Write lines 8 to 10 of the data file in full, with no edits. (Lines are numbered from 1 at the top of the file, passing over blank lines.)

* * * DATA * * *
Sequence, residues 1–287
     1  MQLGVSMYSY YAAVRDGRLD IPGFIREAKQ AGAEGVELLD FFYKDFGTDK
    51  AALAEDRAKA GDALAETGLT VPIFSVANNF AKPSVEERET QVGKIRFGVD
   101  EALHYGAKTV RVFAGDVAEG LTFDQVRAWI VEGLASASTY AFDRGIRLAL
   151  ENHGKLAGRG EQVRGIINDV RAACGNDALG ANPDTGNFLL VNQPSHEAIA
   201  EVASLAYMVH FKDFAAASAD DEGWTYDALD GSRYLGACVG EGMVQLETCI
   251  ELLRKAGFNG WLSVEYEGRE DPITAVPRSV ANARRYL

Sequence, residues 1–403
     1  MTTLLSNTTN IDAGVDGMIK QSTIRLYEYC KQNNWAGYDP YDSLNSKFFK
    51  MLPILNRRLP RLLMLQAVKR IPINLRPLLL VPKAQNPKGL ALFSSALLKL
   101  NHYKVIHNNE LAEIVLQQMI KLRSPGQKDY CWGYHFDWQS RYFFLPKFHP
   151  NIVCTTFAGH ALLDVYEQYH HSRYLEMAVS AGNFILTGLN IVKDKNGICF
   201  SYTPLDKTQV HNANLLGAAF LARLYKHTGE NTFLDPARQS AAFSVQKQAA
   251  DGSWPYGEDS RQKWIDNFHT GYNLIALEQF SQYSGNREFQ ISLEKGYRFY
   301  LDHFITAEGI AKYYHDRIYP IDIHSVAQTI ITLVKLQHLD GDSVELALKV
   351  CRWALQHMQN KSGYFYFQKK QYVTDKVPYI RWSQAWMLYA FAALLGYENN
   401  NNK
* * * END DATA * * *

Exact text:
Sequence, residues 1–403
     1  MTTLLSNTTN IDAGVDGMIK QSTIRLYEYC KQNNWAGYDP YDSLNSKFFK
    51  MLPILNRRLP RLLMLQAVKR IPINLRPLLL VPKAQNPKGL ALFSSALLKL